Hello and welcome.
I’m an academic based at the University of Washington in Seattle, in the Department of Near Eastern Languages and Civilization.
I work in the field of Digital Humanities (DH), an emerging and evolving discipline which is redefining how we work and present the results of our research in the humanities. I’ve developed college courses and seminars in DH for undergraduate and graduate students, using archival material from Nile travelers and excavators as the basis for creating encoded texts, databases, digital maps and visualizations.
I have a Ph.D in Egyptian art history, and my research and teaching specialties in this field include the art, archaeology and history of Ancient Egypt and broader Ancient Near Eastern cultures. My current research focuses on the history of Egyptology in the so-called ‘Golden Age’ at the end of the nineteenth and beginning of the twentieth centuries, prompted by a visit to the Met in New York several years ago when I first read the Nile travel diaries of Mrs. Emma B. Andrews.
An offshoot of my DH work was the founding of Newbook Digital Texts in 2012 with my colleagues Walter Andrews and Mary Childs. Our mission is to further the advancement of DH as a field in order to foster much needed technical skills in graduate and undergraduate humanities students. Our work exemplifies the new hybrid model of rigorous training in the core skills associated with historical and literary research coupled with essential competencies in computer literacy. To date, we have worked with over 150 students from more than 33 departments at the University of Washington in our Newbook internship program.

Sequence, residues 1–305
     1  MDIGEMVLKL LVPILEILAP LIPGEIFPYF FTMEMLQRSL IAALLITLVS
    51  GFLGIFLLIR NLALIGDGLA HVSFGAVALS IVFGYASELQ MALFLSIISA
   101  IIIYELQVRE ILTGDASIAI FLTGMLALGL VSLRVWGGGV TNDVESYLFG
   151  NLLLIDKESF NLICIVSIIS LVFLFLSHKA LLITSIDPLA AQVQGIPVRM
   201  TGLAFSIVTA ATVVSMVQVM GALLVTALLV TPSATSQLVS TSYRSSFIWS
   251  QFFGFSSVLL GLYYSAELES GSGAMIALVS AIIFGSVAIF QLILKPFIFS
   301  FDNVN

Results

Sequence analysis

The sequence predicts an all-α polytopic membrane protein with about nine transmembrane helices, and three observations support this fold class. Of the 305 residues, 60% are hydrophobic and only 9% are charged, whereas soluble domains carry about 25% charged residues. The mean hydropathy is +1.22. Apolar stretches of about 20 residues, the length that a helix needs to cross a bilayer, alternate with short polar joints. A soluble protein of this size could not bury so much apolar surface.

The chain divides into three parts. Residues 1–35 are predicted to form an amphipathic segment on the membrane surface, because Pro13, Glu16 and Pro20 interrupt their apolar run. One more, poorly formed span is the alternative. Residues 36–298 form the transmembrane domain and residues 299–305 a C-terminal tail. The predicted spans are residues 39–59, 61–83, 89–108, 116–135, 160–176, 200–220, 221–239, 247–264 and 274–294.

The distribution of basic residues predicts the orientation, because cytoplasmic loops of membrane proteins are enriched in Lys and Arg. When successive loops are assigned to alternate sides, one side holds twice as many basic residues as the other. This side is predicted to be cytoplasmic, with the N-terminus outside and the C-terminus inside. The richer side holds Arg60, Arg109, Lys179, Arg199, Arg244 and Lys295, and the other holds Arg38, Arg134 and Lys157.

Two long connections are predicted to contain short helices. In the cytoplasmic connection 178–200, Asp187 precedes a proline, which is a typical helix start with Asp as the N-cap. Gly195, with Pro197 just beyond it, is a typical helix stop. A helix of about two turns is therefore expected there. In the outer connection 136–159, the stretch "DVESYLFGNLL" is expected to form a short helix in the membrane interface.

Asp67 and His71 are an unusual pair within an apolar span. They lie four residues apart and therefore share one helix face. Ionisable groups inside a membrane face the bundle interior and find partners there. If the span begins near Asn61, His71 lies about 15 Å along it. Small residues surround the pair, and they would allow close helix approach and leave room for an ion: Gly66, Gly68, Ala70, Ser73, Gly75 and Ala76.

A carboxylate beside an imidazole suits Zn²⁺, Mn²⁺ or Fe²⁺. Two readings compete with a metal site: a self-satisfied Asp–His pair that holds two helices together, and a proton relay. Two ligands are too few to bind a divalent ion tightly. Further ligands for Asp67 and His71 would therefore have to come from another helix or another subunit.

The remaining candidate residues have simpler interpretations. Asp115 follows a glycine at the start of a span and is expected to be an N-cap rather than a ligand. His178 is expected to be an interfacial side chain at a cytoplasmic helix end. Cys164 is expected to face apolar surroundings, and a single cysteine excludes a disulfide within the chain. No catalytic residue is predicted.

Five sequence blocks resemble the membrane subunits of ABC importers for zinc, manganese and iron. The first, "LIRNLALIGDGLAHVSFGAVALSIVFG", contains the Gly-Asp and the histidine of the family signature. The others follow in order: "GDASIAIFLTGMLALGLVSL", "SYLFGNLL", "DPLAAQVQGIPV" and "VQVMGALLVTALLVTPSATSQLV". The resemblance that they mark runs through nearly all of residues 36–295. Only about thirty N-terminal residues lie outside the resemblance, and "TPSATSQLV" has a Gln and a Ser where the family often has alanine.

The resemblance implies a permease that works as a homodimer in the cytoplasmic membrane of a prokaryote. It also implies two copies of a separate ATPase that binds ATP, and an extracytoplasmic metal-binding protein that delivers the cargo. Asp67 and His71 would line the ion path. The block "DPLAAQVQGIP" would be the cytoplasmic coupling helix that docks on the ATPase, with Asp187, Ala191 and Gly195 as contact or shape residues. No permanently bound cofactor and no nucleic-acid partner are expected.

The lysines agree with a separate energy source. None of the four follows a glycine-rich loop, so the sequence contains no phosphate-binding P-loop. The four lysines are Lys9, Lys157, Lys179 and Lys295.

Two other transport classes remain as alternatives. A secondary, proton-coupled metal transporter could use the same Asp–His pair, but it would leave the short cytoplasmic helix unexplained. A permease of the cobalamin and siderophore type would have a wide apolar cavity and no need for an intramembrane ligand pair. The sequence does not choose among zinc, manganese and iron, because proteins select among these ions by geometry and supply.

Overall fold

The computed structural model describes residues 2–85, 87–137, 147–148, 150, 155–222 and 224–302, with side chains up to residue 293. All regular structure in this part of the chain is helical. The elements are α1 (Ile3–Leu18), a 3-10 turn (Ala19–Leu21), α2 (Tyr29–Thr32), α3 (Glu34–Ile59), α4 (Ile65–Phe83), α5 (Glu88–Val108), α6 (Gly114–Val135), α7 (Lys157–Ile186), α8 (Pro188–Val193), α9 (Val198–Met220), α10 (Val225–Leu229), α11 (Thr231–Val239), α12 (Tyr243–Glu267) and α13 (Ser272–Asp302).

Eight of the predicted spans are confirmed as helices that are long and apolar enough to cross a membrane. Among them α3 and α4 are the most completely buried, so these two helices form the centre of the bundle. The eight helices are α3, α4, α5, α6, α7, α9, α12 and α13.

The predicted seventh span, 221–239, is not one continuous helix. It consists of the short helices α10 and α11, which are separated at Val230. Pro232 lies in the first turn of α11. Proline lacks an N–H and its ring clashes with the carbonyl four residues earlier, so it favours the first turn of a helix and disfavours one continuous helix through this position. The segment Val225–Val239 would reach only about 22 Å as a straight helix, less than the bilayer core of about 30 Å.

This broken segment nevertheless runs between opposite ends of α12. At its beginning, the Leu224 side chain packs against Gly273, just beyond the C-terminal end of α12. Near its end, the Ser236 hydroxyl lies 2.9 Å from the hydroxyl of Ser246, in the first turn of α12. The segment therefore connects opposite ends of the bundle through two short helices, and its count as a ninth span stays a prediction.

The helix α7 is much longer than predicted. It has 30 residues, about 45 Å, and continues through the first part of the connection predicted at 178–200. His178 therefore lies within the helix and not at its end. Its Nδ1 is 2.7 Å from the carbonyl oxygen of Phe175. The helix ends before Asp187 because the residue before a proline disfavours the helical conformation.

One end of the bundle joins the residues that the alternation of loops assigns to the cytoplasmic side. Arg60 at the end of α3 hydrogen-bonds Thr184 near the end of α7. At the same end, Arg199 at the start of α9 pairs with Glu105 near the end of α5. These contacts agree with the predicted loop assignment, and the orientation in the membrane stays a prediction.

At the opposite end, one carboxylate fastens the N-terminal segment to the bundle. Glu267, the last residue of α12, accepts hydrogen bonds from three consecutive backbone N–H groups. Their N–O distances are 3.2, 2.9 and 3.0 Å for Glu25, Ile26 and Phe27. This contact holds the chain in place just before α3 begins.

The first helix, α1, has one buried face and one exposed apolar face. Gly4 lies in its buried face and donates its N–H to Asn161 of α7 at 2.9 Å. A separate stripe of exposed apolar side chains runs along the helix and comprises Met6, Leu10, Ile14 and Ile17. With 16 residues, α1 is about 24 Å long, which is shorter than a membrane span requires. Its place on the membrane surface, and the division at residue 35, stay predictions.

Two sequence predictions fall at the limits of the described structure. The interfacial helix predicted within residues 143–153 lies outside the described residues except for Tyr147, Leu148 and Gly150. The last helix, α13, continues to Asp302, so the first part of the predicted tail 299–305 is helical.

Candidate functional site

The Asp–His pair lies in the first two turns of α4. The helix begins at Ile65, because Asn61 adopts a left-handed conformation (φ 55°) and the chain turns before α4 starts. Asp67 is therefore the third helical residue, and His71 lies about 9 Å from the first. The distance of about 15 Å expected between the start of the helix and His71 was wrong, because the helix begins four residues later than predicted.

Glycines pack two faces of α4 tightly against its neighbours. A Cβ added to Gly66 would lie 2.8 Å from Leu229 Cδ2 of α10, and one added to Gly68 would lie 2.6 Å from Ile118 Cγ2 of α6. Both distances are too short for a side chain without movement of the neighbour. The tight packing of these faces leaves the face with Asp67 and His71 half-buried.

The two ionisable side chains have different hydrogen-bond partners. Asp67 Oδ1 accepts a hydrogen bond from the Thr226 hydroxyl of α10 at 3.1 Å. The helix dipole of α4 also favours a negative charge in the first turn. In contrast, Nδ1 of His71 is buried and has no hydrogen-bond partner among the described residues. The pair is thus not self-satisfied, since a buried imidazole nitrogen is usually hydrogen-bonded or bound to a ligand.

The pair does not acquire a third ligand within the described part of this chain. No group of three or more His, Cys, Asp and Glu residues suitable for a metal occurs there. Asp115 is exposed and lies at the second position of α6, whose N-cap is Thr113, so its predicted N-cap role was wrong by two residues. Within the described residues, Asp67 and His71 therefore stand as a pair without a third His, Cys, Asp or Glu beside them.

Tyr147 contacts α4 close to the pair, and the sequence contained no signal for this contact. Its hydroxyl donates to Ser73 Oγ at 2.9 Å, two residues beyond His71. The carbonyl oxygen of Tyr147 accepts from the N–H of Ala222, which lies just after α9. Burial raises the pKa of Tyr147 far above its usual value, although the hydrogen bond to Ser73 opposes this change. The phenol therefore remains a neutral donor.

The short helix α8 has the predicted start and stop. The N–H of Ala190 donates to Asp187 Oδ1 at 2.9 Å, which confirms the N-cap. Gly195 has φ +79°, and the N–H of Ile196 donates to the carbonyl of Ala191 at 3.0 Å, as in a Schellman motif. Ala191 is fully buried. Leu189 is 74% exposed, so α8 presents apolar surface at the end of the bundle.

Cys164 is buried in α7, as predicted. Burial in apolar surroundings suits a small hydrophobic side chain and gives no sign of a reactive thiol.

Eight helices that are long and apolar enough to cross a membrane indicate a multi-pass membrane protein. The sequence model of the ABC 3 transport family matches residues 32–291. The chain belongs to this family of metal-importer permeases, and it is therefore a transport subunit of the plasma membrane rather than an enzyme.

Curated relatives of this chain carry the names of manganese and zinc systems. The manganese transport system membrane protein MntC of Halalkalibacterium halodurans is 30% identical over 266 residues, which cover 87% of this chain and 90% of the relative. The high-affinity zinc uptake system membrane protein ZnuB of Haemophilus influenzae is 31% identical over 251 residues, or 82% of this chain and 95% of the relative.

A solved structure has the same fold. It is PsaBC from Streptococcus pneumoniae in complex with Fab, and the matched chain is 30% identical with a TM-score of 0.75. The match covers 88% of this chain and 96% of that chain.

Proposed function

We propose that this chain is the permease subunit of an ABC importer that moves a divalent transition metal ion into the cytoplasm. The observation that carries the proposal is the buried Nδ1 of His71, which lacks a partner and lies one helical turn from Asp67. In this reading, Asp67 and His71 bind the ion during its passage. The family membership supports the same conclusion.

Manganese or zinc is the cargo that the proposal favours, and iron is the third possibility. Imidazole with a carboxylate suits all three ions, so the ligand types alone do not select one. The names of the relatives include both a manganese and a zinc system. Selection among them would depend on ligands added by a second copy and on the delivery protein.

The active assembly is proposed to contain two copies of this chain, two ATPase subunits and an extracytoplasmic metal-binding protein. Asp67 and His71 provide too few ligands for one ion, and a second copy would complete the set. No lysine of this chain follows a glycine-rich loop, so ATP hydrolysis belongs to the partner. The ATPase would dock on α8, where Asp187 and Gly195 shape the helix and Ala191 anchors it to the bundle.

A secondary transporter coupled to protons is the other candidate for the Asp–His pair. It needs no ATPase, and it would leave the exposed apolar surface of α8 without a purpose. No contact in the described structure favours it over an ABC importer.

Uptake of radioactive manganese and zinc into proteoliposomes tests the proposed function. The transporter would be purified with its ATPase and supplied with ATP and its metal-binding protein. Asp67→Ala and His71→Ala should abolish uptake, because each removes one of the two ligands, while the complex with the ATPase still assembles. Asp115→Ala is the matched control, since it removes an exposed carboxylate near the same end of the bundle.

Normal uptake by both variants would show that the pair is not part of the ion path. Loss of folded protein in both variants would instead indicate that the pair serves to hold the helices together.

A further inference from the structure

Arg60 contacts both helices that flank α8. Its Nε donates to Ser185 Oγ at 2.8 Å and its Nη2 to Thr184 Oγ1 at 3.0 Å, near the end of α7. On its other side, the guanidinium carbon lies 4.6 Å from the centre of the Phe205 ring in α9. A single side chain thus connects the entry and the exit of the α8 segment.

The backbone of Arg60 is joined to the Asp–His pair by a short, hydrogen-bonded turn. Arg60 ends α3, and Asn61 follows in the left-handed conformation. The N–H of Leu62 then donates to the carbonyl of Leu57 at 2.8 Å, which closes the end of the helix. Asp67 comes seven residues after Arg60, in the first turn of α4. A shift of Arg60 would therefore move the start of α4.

My digital scholarship skills and interests include:
- DH project management and consulting: short- and long-term planning, implementation, communication,
- Data curation, repositories, risk assessment and long-term sustainability
- Text encoding (TEI/XML)
- DH project training and education
I currently work on these projects:
If you’re interested in working with me, drop me a line. I’m available to help brainstorm your DH project, and identify the best solutions, platforms and technologies to work with your data and build for long-term sustainability. Read more here.
Dr. Sarah Ketchley’s experience as an academic digital humanities expert makes it easy for her to quickly de-mystify the process of incorporating digital tools for faculty, graduate students, and undergraduates. She understands the problems academics face and can taylor her advice to anyone’s particular situation.
Arna S. Elezovic, Ph.D Candidate, University of Washington History Department